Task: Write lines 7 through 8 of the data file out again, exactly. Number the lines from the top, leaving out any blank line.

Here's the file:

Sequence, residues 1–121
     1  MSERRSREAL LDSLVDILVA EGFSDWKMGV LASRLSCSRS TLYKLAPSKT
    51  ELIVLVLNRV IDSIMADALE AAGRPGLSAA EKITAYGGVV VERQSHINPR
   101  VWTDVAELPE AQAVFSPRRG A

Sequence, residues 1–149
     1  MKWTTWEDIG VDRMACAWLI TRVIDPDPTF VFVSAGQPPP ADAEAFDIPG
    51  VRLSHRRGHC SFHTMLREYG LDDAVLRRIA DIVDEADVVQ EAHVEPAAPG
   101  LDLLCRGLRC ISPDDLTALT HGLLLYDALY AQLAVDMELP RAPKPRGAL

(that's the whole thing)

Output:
    51  VRLSHRRGHC SFHTMLREYG LDDAVLRRIA DIVDEADVVQ EAHVEPAAPG
   101  LDLLCRGLRC ISPDDLTALT HGLLLYDALY AQLAVDMELP RAPKPRGAL